After three and a half years of development, an estimated billion dollars of investment, and intense customer scrutiny, Microsoft today signed off on the final code for its Windows 2000 operating system.
The company released Windows 2000 Professional, Server, and Advanced Server to manufacturing, which means Microsoft plants will start churning out CD-ROMs and manuals, and computer systems vendors have the code in their hands for installation on their products. The official launch date for the product remains Feb. 17, when customers will actually receive Windows 2000 for use. In a conference call with reporters today, Microsoft executives expressed relief at putting the grueling project to bed, while maintaining there was more work ahead to spur broad adoption of the product.
"It's been quite a journey--a three-and-a-half-year journey," said Microsoft group VP Jim Allchin. "We promised customers we wouldn't ship Windows 2000 until they said it was ready. It is the highest performing, most reliable platform in Microsoft's history."
Microsoft's hundred closest original equipment manufacturer partners and customers were putting the operating system through its final paces at the vendor's Redmond, Wash., campus as late as Monday, said Windows division senior VP Brian Valentine. In the end, all 100 voted to ship. "It took us a while to get here, but we said we wouldn't ship the product until it was ready, and we stood our ground," Valentine said. Microsoft executives said the company identified four design goals in 1996 when it began crafting the successor to Windows NT 4: building a more reliable server; lowering cost of ownership for customers; blending the security of Windows NT with broader application and device support; and building an operating system geared toward companies doing business over the Internet. The company says it's finally met or exceeded those yardsticks. Allchin estimates the entire undertaking cost Microsoft roughly $1 billion, but he says he doesn't know the actual number. As a guideline, Allchin says the company spent $160 million on reliability improvements alone.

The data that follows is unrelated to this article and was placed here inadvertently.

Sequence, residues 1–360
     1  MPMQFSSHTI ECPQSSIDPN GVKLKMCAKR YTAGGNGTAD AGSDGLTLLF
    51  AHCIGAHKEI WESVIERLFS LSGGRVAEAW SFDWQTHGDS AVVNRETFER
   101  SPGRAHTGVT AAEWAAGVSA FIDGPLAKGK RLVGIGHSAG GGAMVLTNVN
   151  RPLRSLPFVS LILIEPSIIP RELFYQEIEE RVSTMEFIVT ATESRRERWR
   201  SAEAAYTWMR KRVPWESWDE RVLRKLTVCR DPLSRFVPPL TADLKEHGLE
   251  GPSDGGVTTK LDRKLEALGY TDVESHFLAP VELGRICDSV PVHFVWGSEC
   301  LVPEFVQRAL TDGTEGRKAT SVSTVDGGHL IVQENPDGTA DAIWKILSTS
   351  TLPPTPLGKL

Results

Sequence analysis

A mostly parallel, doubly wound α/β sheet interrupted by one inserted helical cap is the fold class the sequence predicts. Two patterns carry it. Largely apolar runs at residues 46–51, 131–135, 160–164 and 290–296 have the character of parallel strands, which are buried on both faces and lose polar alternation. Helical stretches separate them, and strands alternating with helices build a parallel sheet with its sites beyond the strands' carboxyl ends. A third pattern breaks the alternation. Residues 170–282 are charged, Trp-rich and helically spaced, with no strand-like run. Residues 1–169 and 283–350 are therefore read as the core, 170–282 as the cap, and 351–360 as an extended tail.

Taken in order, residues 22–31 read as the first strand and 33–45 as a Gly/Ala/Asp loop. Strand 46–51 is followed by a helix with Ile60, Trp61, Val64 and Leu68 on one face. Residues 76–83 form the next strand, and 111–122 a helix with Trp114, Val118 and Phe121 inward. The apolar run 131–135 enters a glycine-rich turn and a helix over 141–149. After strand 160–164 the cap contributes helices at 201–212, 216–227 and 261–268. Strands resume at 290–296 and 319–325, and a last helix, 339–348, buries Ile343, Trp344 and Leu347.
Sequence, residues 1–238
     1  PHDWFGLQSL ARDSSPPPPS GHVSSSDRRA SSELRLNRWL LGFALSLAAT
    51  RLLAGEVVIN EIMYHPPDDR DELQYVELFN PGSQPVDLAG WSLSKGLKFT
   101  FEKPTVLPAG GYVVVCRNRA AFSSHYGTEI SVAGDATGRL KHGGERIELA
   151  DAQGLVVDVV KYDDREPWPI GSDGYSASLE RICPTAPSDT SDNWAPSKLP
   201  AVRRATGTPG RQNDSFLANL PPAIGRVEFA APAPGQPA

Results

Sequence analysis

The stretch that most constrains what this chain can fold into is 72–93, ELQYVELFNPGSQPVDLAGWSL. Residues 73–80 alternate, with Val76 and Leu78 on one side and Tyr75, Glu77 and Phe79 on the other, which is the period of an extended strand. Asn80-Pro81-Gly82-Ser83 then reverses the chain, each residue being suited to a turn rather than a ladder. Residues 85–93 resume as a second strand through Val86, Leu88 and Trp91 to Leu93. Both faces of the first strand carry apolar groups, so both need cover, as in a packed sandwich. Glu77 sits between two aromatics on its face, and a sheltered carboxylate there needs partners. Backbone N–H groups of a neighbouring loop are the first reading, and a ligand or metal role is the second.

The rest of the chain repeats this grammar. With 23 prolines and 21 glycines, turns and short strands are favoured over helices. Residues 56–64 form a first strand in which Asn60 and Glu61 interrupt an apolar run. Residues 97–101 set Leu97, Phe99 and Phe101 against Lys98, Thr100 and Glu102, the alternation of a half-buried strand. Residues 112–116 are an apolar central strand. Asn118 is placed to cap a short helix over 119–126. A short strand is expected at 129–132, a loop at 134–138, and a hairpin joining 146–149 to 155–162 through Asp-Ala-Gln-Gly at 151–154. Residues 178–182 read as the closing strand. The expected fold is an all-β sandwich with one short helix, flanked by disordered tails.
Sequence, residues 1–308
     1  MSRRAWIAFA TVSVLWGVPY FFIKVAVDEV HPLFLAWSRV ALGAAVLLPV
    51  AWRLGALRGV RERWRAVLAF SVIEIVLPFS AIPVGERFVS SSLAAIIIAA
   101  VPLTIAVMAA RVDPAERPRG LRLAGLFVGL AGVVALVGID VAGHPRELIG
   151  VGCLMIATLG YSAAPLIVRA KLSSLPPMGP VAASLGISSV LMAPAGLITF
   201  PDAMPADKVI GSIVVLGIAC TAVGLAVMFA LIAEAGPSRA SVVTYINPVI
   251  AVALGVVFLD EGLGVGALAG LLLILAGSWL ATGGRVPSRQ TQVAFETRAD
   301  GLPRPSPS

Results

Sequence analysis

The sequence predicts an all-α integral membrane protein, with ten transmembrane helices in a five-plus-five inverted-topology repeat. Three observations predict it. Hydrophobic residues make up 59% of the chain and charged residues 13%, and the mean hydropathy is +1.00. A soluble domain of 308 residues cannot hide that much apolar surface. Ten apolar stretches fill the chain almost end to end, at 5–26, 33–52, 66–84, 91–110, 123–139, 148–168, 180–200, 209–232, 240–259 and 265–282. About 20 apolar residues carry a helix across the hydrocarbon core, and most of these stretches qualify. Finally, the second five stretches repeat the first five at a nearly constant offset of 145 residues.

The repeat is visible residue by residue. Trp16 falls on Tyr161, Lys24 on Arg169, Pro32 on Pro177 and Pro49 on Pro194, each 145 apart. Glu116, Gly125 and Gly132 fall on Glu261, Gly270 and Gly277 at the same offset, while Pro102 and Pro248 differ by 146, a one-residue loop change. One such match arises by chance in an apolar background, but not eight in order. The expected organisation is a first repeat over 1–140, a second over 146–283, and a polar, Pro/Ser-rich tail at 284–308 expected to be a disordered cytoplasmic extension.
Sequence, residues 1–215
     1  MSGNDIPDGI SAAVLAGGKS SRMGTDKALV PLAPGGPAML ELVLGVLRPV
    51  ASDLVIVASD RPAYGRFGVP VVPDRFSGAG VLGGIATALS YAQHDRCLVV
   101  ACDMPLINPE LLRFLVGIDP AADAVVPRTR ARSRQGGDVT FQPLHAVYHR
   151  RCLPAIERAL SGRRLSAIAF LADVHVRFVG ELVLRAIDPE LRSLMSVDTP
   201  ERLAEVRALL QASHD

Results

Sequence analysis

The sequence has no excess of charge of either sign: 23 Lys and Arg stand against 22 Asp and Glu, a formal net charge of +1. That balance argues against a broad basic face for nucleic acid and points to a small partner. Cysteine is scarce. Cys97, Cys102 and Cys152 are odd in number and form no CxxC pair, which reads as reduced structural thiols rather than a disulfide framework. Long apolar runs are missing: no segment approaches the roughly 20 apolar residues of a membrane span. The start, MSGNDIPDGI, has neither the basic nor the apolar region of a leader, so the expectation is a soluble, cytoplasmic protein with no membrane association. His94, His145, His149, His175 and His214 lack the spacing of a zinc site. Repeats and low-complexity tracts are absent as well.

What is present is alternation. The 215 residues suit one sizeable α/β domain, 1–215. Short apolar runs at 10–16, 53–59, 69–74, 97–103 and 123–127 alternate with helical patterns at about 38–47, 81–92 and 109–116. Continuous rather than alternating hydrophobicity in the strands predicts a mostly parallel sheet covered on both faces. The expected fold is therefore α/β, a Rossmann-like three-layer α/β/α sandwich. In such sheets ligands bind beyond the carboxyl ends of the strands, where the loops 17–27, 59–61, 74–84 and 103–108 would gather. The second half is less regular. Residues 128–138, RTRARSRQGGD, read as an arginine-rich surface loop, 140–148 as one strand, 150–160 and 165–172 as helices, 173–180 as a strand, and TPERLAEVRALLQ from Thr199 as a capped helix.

As the code makes its way to manufacturing plants, Microsoft VP of Windows marketing Deborah Willingham cautions the company still has work to do to put the software in customers' hands. "There's a misperception that a customers' entire computing infrastructure needs to be converted to Windows 2000 immediately to see improvements," she says. In fact, they can upgrade desktops and servers incrementally and see improvements, she said.
To get the message out, Microsoft plans a "large" six- to nine-month print-advertising campaign aimed at IT professionals beginning on the Feb. 17 launch date, Willingham said.